Twin Peaks: Episode Six Review
Posted by therebelprince on July 29, 2009
” I feel like I’m going to dream tonight” – Laura Palmer
As it neared the end of its phenomenal first season, Twin Peaks oscillated between the steady, plot-progressing hand of Mark Frost, and the abstract and ambiguous 1950s-looking world of David Lynch. It was this combination that allowed it to remain critically successful and yet attract the entire world as an audience, but also the fragile balance that would lead to audience dissatisfaction and quick cancellation. This is the last episode that really pretends Twin Peaks is your standard suspense-fuelled mystery, and every scene purports to be related to Laura Palmer’s death.
The Audrey and Cooper sexual cliffhanger from last week is swiftly defused, as Cooper convinces Audrey to put her clothes back on, and they spend the night talking about her problems. In the morning, Coop and Truman prepare for their big sting on One-Eyed Jack’s.
As befits a penultimate episode, we get small snippets of every storyline, but not enough to be conclusive about most of them: Lucy (Kimmy Robertson) is ignoring Andy (Harry Goaz), but he doesn’t know why. I must admit, I find Lucy and Andy painful to watch ninety percent of the time. Given the number of ways Lucy’s character was used by the network – as an act-out “see you in a minute!” girl, for a hotline purporting to have “clues” (really just Lucy narrating what happened in the previous episode), and for various other advertisements – I must accept the tragic possibility that her antics were considered hysterical back in the day. Sadly, I can’t see how. If anyone has seen Lynch and Frost‘s On The Air – and if you haven’t, you should just for a laugh: it’s basically just Miguel Ferrer and half a dozen Lucys wandering around inside David Lynch’s head. Bizarre and painfully unfunny, On The Air is a testament to what happens when you don’t keep a steady hand on a truly strange artist. (And I say this as someone who loves the man)
Audrey follows a co-worker at Horne’s and discovers that Emory Battis uses the perfume counter as a way of linking pretty young girls to Black Rose’s brothel at One-Eyed Jack’s. Audrey schemes her way into a job interview there, which goes exceptionally well after she pulls the old “cherry-stem-in-the-mouth” bit. Unfortunately, Cooper doesn’t get around to receiving her message about this, as he himself is already heading across the border. It’s no surprise that Sherilyn Fenn was the pin-up of Twin Peaks. While Lara Flynn Boyle and Madchen Amick are just as pretty (not to mention Peggy Lipton, who hasn’t aged since about 1976), it’s Sherilyn who gets to pout and undress in these scenes and she plays it with panache.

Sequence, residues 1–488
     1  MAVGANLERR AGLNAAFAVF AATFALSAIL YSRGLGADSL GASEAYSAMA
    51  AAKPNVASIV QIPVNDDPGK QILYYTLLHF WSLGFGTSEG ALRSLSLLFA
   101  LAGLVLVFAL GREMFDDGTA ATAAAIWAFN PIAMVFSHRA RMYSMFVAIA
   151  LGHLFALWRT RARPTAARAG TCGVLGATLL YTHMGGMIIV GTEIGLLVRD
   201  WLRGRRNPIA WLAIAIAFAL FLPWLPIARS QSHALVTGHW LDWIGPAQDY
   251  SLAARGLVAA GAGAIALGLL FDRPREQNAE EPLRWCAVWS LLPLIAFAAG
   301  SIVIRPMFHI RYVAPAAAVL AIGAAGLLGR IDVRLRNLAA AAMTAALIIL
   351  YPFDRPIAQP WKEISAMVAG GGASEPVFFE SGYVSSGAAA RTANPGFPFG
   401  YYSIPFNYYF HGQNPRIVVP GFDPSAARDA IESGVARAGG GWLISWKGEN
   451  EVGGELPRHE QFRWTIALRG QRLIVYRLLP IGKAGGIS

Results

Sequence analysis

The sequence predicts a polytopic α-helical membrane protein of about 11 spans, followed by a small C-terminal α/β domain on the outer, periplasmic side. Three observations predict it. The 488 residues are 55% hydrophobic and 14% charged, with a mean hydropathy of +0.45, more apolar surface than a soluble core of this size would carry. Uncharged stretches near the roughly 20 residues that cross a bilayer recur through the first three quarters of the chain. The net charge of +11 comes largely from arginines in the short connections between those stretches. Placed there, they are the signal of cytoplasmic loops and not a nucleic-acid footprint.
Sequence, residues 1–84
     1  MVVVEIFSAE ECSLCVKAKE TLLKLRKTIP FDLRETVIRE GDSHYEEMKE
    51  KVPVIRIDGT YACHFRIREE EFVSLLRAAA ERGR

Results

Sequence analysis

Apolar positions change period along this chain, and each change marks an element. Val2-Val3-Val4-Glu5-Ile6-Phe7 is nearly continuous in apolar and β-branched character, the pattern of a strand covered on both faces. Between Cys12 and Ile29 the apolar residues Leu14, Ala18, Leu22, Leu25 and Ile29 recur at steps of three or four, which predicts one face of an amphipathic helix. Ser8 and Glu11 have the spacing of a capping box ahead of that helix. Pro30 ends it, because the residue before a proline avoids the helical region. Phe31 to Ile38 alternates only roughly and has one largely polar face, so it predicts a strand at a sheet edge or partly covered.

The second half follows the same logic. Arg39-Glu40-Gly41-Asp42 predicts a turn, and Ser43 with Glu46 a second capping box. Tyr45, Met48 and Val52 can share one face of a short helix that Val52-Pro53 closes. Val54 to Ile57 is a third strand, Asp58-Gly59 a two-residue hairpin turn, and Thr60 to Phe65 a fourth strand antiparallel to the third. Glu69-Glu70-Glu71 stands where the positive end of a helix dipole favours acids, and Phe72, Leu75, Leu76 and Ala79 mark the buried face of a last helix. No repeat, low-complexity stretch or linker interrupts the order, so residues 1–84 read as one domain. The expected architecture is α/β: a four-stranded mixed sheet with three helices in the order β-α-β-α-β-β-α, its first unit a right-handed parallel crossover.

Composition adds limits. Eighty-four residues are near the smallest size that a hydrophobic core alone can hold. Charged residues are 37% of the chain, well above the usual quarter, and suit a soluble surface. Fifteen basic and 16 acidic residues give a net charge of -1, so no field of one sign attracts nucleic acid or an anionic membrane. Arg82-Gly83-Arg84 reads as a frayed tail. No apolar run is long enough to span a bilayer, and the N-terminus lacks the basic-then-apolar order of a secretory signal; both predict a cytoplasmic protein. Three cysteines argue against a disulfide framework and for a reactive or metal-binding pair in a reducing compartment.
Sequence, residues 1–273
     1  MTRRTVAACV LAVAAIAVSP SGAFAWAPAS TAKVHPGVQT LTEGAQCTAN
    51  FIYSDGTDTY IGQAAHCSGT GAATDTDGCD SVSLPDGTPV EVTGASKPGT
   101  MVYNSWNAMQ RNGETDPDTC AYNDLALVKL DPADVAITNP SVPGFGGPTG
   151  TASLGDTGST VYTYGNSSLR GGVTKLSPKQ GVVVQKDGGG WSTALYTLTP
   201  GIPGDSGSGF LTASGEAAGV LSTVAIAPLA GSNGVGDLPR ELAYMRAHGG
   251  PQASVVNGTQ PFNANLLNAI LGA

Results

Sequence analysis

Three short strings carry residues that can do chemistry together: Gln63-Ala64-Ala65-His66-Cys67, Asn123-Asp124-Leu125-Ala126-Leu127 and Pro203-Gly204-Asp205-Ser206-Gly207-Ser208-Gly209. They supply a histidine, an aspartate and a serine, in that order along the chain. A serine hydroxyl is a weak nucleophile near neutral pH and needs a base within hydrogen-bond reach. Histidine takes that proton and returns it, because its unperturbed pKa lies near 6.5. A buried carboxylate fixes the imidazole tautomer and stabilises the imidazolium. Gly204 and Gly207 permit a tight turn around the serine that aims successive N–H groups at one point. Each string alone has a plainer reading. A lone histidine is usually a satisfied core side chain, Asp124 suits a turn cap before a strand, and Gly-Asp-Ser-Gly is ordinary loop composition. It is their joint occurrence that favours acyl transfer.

(Incidentally, for a Thursday no one seems particularly interested in going to school this week – I know they’re approaching graduation, but it’s only March!)
Meanwhile, Ben and Jerry take a delegation of Icelanders up to One-Eyed Jack’s to seal the Ghostwood deal. Ben is in especially high spirits, since within a few hours he and Josie are going to have Catherine – and the mill – burned to a crisp… or so they think.
The life insurance salesman, to his credit, begins to suspect that Catherine’s new policy – signed without her in attendance – is a bit funky, so he comes to see her about it. Catherine plays it cleverly, defusing suspicion while also suffering the realisation that Ben and Josie are out for her blood.
Elsewhere, Hank tricks Shelley into revealing that Ed was the one who “helped” Norma through his absence, and Leo figures out that Bobby is sleeping with Shelley.
As Cooper, Truman, Ed and Hawk prepare to leave for their sting, a gunshot rings out: Waldo the mynah bird, the key witness to Laura’s experience in the log cabin with Jacques, Leo and Ronnette, has been shot. His cage swings over the spread of donuts, blood spattering on them. His last words as recorded by tape? “Laura don’t go there… Leo no!”. It all seems pretty convincing to Coop (and to us, since we know that Leo was the one who offed the bird) but also a little too convincing… clearly not all is as it seems.
It strikes me now, after watching this ABC Primetime Special on the disappointment many fans felt after the season ended, that people didn’t know what they were watching at all. Advertised by the network as an adventurous murder mystery, that was what audiences tuned in for (understandably). As such, every scene purports to tie back in the story. Subplots that we view today as “Norma’s plot” or “Bobby’s plot” seemed at the time to be potential causes for Laura’s death. It’s not necessarily bad (heck, it’s the reason that season one is so much tighter than season two) but it also means that the audience went into episode seven expecting resolution, and the connection of the increasingly diverging plotlines to the central one. We’ll discuss this more in the weeks to come, but certainly a feeling of disilluisonment about the season’s ending woudl be the first death knell for Twin Peaks.
Anyway, the episode ends with James and Donna implementing their plan: Madeleine (in a godawful Laura wig) lures Jacoby out of his office so the investigative duo can sneak in and get the missing tape Laura sent him. Jacoby, however, doesn’t go to the misdirected location but instead goes to the gazebo, where he has deduced Maddy/Laura is waiting. And someone else is already there, watching from the bushes…
* In the shooting script, Bobby also has a moment where he notices Maddy in the Laura wig. Apparently, he just moves on with little thoughts on the subject: clearly not among Twin Peaks’ best and brightest.
Next week: The first season comes to its end, with no resolution anywhere in sight. And J.R. Ewing finally gets a rival for gunshot cliffhangers.